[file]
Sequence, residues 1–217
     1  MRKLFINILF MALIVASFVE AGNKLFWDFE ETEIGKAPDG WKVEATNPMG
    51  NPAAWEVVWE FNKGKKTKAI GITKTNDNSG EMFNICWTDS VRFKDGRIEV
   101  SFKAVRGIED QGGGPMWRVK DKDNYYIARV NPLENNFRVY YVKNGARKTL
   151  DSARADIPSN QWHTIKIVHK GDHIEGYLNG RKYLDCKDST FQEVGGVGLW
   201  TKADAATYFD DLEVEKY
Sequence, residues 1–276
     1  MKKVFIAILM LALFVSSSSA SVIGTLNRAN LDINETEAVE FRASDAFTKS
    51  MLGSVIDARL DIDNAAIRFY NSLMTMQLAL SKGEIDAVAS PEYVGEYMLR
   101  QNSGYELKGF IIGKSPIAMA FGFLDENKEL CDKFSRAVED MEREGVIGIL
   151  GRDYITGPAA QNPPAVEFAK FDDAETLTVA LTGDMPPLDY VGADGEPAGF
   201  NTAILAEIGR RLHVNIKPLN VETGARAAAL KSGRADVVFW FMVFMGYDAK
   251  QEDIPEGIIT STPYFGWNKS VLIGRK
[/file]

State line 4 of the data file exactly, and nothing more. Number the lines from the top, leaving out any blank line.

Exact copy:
   101  SFKAVRGIED QGGGPMWRVK DKDNYYIARV NPLENNFRVY YVKNGARKTL